New consumer products such as plant-based meat alternatives can generate mass media attention, accompanied by inflated consumer expectations, said Julia Thompson, Culinologist III, CuliNEX. Tremendous 2020 sales growth for plant-based meat alternatives plateaued in 2021, because consumers’ taste and texture expectations were not always met. Next-generation ingredients are starting to hit the market, allowing for practical advice on formulating plant-based alternatives, particularly meats, which are much closer to the taste and texture of meat.
From the perspective of an experienced bench scientist developing plant-based products, Thompson suggested helpful tips for designing such products in her Global Food Forums’ 2022 Clean Label Conference presentation titled “Practical Formulation with Plant-Based Technologies.”
Consumer Perception of Ingredients
The building blocks of plant-based meat alternatives include protein, fat, flavor, color and functional ingredients. Consumers’ preferences matter, so it is essential to identify acceptable components for clean label consumers. CuliNEX partners with Insights Now, a consumer research group that generates scores for individual ingredients based on consumers’ perceptions.
Food companies with which Thompson works often try to avoid wheat and soy protein. Interestingly, however, research shows that wheat is at the top of the list of protein ingredients consumers view favorably. Wheat has excellent functional qualities that help replicate the flake and fiber of chicken and the “snap” of sausages.
Consumers highly accept pea protein itself; however, qualifiers in the product name, such as “textured,” “fermented,” “hydrolyzed,” etc., result in much lower consumer acceptance, likely because such terms connote a more processed ingredient.
Many of the most popular new protein ingredients come from foods consumers already eat, such as lentils, rice, peanut, pumpkin and chickpeas. Fava bean (faba) is another up-and-coming plant protein. The ability of many plants to serve as protein sources avoids “monocrop” problems related to environmental sustainability, while also reducing supply chain concerns and making reformulation easier.
New Technology and Ingredients
Thompson highlighted new ingredients and processing techniques used to create the next generation of plant-based products. One recent trend involves the use of high-protein, “whole food” ingredients. Traditional breeding can increase protein in plants—which provides a significant upside: You don’t need to extract the protein, minimizing waste and energy inputs. Whole food ingredients retain fiber and other food components, better absorbing water and providing a more realistic mouthfeel. Novel protein sources are being explored, including plants that grow fast with fewer inputs, such as algae, duckweed and seaweed.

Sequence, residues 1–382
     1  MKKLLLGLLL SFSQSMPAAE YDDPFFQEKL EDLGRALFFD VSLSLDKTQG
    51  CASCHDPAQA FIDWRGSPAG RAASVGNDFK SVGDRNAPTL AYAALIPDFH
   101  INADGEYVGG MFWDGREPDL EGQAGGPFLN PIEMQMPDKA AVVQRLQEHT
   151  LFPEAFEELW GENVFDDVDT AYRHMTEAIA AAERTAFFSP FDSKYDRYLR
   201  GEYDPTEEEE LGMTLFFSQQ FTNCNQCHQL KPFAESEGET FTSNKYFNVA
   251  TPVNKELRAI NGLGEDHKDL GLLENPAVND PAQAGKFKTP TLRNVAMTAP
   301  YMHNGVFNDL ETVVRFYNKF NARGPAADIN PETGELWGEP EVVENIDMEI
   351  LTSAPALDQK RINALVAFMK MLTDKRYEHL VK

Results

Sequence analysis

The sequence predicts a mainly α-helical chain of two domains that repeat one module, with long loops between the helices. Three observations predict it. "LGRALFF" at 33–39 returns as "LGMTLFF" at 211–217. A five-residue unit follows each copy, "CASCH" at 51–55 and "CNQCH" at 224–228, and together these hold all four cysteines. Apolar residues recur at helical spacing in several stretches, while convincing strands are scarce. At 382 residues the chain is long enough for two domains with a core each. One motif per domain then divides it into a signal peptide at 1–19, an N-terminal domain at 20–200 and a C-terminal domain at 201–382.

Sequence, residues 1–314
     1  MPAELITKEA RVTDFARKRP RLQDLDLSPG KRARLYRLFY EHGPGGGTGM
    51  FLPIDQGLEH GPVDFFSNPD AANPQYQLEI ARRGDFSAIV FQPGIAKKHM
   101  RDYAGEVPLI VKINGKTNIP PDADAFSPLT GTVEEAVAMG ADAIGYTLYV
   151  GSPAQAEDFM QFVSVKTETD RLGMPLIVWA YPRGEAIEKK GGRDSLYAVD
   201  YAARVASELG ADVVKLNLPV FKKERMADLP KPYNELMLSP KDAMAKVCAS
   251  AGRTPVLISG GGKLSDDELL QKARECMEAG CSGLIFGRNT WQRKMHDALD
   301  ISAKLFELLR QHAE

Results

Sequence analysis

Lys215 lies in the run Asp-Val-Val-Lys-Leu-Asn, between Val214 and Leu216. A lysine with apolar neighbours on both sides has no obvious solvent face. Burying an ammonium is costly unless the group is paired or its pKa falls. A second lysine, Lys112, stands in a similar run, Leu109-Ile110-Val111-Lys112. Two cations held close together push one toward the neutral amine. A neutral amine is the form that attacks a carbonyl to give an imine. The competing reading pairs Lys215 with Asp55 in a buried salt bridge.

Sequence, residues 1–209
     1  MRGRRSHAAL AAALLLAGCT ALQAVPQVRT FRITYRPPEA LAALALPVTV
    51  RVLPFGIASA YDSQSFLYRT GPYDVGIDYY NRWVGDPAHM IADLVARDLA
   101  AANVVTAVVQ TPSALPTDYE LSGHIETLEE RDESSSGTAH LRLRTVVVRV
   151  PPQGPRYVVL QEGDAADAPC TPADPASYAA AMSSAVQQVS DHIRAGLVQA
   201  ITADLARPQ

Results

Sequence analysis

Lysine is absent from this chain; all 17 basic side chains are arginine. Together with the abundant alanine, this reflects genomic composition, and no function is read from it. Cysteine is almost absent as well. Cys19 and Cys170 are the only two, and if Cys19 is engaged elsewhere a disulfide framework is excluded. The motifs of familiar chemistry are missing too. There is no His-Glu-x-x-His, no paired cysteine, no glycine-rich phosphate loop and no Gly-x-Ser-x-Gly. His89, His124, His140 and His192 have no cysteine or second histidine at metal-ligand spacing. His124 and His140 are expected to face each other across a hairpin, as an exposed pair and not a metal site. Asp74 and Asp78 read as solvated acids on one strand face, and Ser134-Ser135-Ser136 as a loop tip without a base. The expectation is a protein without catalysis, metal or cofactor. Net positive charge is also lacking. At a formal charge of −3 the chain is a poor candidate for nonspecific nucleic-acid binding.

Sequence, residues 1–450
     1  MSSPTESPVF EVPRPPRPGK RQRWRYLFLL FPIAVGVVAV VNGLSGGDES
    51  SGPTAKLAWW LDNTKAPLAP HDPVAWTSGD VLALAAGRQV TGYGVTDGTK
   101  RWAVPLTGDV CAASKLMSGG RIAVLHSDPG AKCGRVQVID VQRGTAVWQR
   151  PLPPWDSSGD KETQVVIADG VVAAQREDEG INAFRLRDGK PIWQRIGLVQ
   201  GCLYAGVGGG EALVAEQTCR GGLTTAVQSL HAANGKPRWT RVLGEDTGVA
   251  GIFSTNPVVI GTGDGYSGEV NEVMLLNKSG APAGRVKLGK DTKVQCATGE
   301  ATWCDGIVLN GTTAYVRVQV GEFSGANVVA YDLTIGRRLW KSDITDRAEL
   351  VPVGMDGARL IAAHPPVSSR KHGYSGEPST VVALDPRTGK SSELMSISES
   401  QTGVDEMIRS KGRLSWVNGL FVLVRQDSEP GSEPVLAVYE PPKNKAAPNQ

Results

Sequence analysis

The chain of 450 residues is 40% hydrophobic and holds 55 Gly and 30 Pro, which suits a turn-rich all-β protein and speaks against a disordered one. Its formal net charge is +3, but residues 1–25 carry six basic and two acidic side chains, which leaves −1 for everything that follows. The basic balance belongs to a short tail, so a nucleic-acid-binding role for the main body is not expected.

Real meat has random variations in shape, size and texture, while foods with uniform shapes scream “processed.” Using technology or functional ingredients to make plant-based products more like real meat by introducing different textures, shapes and distributions of fat within a product is known as randomization.
Fats play a crucial role in making plant-based products more like real meat. Among oils, coconut oil is still perceived well by consumers. In contrast, palm oil, which has excellent functional qualities, is perceived poorly due to sustainability and fair-trade issues. Cocoa butter does not melt like animal fat but can be mixed with other fats to provide a melting curve like that of coconut or palm oil.
Encapsulated fat (water plus fat encapsulated in a plant-based protein) is a new technology that provides an excellent fat-like texture. Importantly for consumers, it also traps aromas and allows their release during cooking like real meat. Cultivated fat may also become available soon, but it might raise concerns with consumers.
Plant-based meat alternatives are generally bland without added flavors. Not surprisingly, consumers prefer typically natural flavors. Soy leghemoglobin is ranked lowest of all flavors surveyed. Paradoxically, however, the products in which leghemoglobin is used are very popular. Several new options for natural flavoring include cystine, which can participate in the Maillard reaction to provide an umami flavor, and specific mono- and disaccharides, where very low levels can enhance other flavors and potentially reduce salt requirements.
Clean label requirements increasingly limit ingredients to those with nutritional benefits, making products such as methylcellulose unpopular—despite excellent functionality. Potato protein, which creates an irreversible gel when heated but requires another component such as citrus fiber to hold a product together until it is cooked, may be a more accepted replacement. Another promising binder is red algae, a liquid that gels when heated (like blood) and provides color and flavor, potentially shortening ingredient lists.
While some new ingredients may be unfamiliar to consumers, Thompson believes there is an opportunity to increase their acceptability if they are sustainable or environmentally friendly. In addition, the precedent of leghemoglobin demonstrates that consumers can overlook a potentially unpopular ingredient –if the final product is tasty.
“Practical Formulation with Plant-Based Technologies,” Julia Thompson, Culinologist III, CuliNEX
To view a pdf of the presentation, go to Practical Formulation with Plant-Based Technologies at Global Food Forums’ R&D Academy.